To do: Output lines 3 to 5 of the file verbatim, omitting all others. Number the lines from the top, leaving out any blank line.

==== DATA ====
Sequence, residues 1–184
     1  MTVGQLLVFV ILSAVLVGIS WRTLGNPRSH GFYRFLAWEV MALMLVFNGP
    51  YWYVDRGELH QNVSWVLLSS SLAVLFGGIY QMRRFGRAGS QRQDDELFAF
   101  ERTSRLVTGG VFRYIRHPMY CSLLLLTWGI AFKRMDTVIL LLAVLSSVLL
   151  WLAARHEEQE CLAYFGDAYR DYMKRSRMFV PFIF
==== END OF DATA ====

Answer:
    51  YWYVDRGELH QNVSWVLLSS SLAVLFGGIY QMRRFGRAGS QRQDDELFAF
   101  ERTSRLVTGG VFRYIRHPMY CSLLLLTWGI AFKRMDTVIL LLAVLSSVLL
   151  WLAARHEEQE CLAYFGDAYR DYMKRSRMFV PFIF